Other Issues

Big Tech Legislation.

Early this year, a Senate committee approved legislation aimed at curbing anti-competitive practices by big tech companies on their platforms. While the bills passed with bipartisan support, there are lingering concerns from lawmakers on both sides of the aisle with their potential impact on global competitiveness, privacy/cybersecurity and consumer choice and their heavy reliance on regulators and courts. Big tech companies oppose these efforts and argue that Congress instead should focus on privacy legislation (see below). Supporters have continued to push for a floor vote in the Senate on these bills and have hoped to have a vote this month. However, with the press of other priorities such as BBB, it will be hard to find the time to take up this bill. Even if there was a vote, given all of the concerns with the bills, it’s not at all clear there would be enough votes for the legislation to hurdle the Senate’s 60-vote procedural threshold.

Privacy Standards.

The House Energy and Commerce Committee next week is expected to pass legislation to establish national standards for data privacy. The bill would require companies to limit the amount of data that they collect and prohibit the collection of sensitive information (with limited exceptions). It reflects a compromise that was worked out through negotiations between the top Democrat and top Republican on the committee and their Republican counterpart in the Senate. As a compromise, the bill makes trade-offs on contentious issues like preemption (it would preempt state laws) and enforcement (it has a private right of action that begins four years after the passage of the bill) that have sidetracked previous efforts on privacy. The authors of the bill hope to pass it on the House floor before August, but it likely will need further fine-tuning before that can happen. Even if the bill passes the House, it is a non-starter in the Senate where it is opposed by the Chair of the Senate Commerce Committee. Despite the progress that has been made, it looks like privacy legislation will stumble again.

Defense Authorization Bill.

The House this week passed the fiscal year 2023 defense authorization bill, which authorizes $839 billion in national defense spending ($37 billion more than President Biden requested and $71 billion higher than fiscal year 2022). Congress has passed an annual defense bill with bipartisan support for the last 61 years, which is quite remarkable given the degree of partisan gridlock in recent years. No member of the House or Senate wants to be accused of not paying our troops or not updating national defense needs, so the will to compromise on this bill seems to always be easier. As in past years, hundreds of amendments were offered to the bill (the House voted on 650 this week) and some are contentious. Rejected were amendments to lower defense spending, rescind the Covid vaccine mandate for Pentagon employees and require access to abortions at military medical facilities. The Senate is working on its version of the bill and, once passed, House and Senate negotiators will work to hammer out a final version, which should make it the 62nd consecutive year the bill has passed.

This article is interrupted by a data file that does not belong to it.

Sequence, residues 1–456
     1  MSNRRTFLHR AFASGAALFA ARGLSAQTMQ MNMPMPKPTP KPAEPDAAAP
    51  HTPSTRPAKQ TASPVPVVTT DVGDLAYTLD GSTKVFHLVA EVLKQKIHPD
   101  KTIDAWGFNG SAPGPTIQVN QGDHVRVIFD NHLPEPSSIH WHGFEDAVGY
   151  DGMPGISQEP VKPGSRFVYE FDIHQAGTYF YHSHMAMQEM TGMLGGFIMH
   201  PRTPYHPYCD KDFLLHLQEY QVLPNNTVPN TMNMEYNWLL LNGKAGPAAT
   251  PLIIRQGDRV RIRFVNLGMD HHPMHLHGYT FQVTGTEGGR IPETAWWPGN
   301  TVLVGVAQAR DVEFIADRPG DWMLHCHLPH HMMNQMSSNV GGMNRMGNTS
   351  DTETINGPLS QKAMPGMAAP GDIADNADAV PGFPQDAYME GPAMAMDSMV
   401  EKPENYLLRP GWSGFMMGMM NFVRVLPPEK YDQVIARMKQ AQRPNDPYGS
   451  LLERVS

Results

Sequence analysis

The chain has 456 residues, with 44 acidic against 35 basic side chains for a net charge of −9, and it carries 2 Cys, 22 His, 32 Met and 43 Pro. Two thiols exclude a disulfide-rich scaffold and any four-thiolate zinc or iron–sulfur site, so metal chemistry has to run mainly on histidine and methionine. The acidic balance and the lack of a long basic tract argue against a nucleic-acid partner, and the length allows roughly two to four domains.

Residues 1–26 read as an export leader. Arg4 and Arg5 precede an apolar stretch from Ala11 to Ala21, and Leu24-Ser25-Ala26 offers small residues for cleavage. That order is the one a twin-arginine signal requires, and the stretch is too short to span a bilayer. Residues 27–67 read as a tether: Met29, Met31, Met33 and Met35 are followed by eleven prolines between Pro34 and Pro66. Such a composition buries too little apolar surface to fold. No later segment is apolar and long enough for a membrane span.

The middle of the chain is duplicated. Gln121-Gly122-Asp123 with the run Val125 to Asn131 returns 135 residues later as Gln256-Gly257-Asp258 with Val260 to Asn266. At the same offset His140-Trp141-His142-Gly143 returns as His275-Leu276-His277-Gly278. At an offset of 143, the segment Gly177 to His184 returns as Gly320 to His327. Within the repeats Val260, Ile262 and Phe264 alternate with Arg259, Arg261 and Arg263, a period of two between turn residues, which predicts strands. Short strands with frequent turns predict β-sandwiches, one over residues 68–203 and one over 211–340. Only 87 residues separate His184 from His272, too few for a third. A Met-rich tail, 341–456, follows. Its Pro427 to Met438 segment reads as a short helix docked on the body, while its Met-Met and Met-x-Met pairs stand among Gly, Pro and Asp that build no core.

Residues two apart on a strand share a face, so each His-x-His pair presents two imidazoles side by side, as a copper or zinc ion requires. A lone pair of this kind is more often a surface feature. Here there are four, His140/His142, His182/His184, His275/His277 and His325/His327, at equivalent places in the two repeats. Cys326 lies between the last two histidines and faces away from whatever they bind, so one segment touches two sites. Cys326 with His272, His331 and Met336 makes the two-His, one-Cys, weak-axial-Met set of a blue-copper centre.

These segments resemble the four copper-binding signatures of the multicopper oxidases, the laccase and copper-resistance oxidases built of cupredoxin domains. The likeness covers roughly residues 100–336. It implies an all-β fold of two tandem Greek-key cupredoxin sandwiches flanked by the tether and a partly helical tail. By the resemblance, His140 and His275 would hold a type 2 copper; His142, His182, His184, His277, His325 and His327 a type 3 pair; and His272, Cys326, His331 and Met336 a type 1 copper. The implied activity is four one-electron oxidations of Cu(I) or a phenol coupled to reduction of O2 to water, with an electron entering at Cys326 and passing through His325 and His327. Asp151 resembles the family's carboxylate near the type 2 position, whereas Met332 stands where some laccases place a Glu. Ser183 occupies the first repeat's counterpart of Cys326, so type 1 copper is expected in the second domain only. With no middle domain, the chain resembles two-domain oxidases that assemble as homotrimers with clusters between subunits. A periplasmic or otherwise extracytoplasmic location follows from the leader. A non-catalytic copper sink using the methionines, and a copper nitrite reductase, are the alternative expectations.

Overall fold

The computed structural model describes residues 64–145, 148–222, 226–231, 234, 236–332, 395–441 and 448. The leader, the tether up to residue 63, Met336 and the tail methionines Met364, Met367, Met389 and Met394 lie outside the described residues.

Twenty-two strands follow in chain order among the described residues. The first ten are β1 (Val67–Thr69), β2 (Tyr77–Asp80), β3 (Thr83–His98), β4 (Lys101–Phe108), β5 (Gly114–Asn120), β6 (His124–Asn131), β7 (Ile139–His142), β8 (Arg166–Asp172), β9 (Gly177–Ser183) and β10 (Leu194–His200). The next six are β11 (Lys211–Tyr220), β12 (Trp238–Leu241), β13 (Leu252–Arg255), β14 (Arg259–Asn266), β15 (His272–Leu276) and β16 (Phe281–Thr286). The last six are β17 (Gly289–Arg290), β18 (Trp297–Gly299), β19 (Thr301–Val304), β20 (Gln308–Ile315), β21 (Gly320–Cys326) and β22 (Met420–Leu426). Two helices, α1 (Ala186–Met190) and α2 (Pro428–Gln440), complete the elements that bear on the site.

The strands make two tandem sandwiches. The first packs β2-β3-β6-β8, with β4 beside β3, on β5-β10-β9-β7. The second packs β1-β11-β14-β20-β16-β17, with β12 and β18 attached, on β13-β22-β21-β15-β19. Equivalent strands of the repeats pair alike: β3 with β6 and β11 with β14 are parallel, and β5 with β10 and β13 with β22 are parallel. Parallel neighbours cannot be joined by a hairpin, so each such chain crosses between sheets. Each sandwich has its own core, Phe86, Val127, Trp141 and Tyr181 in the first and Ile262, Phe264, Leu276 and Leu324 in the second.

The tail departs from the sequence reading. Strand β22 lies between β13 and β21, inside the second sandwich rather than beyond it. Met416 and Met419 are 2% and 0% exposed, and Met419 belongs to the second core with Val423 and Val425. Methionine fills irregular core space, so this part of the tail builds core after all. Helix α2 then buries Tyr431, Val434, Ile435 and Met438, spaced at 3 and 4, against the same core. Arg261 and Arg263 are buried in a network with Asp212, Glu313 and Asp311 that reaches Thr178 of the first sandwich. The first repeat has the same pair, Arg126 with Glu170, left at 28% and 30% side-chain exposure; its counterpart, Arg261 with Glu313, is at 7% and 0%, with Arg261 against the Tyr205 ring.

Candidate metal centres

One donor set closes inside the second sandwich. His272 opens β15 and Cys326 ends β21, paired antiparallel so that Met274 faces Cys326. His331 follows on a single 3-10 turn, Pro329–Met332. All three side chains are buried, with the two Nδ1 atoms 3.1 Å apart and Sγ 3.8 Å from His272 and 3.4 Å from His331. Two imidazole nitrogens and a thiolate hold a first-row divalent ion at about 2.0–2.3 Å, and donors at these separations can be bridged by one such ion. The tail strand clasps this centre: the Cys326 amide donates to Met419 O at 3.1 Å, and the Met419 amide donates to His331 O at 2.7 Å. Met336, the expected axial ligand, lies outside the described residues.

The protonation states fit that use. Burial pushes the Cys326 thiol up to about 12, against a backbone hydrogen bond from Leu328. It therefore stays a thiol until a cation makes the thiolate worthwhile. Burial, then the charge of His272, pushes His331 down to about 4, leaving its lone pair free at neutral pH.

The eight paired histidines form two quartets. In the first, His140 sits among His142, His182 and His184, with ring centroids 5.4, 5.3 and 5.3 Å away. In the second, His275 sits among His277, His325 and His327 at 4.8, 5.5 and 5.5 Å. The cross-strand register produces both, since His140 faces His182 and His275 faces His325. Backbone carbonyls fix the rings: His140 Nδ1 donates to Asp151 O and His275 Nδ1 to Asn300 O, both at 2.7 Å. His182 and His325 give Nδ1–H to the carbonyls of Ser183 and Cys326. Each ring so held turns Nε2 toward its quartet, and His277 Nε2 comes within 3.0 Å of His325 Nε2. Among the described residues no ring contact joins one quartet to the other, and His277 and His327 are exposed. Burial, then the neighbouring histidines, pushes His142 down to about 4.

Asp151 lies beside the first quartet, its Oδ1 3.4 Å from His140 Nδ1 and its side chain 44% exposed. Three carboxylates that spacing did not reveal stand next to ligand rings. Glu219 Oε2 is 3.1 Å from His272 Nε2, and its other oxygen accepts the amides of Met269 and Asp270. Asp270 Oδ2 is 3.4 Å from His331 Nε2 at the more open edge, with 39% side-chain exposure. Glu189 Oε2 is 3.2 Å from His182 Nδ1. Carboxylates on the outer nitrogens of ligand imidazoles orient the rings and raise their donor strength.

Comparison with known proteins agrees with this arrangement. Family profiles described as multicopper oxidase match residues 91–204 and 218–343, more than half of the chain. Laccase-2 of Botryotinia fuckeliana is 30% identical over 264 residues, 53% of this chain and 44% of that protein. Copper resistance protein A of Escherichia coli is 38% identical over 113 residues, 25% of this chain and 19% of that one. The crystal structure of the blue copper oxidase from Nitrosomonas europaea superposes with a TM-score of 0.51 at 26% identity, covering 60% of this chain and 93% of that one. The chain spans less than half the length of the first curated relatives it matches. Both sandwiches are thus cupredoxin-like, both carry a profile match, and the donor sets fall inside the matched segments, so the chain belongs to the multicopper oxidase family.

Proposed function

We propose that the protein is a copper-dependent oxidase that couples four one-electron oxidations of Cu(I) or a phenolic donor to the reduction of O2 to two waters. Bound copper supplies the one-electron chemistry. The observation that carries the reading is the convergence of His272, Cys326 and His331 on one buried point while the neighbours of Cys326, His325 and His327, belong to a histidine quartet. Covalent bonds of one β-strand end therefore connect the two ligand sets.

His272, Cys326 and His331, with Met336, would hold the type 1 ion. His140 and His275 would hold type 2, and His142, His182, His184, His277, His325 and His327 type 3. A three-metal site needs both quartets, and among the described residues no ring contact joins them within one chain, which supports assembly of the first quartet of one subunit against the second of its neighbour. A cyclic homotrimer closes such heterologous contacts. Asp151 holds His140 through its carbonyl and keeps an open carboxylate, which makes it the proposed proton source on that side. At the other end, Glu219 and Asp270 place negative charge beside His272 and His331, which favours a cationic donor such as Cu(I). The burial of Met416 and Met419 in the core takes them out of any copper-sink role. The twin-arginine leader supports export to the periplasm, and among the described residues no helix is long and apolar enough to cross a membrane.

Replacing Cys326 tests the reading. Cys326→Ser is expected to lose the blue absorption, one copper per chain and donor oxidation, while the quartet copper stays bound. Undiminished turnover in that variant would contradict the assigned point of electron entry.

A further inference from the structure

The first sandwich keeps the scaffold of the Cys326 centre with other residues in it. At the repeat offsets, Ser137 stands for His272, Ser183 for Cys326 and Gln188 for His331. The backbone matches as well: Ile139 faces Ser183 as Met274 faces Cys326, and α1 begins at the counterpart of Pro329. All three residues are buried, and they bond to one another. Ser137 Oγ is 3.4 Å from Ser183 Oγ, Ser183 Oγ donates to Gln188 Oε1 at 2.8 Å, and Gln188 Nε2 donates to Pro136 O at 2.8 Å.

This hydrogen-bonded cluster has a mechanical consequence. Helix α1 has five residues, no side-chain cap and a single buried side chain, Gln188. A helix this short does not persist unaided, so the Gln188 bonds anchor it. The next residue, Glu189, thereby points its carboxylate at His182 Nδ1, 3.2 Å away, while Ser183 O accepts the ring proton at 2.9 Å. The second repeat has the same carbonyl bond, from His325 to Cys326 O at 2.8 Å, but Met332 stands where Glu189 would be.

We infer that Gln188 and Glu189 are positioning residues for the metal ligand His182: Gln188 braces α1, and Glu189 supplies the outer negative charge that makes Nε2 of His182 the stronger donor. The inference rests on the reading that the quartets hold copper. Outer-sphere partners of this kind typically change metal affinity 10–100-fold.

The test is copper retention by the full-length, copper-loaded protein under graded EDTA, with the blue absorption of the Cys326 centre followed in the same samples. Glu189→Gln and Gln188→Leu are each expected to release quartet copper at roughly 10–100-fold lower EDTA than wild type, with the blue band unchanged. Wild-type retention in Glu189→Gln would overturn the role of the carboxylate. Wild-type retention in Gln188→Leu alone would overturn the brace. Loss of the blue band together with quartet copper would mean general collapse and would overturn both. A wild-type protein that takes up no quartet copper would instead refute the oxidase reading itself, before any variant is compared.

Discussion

The Final Word

Democratic Alternatives.

The unfavorable polling news for President Biden hit an unusually low mark this week with a New York Times poll showing that his job approval rating is now at 33% among US voters. It is somewhat surprising that the President’s low poll numbers haven’t led to more speculation about whether he should seek re-election in 2024, though a poor showing by Democratic candidates this November in the mid-terms could stoke it. If the President did not seek re-election, there would be no obvious front-runner among Democrats to take his place. Vice President Kamala Harris, as the sitting vice president, ordinarily would be considered the leading candidate, but her approval rating is not much better than the President’s and she was unable to make much of an impact in the 2020 Democratic primary. Transportation Secretary Pete Buttigieg will be seen by many as a top contender following his quick ascension in 2020, but any number of senators, governors and high-profile Democrats would likely toss their hat in the ring should an open primary emerge. These include California Governor Gavin Newsom, North Carolina Governor Roy Cooper, and Senators Cory Booker (NJ) and Amy Klobuchar (MN). Even Senators Bernie Sanders (I-VT) and Elizabeth Warren (MA) haven’t ruled out another run if Biden opts out. While we are not even halfway through President Biden’s first term, the 2024 presidential election will begin days after the mid-term elections in November.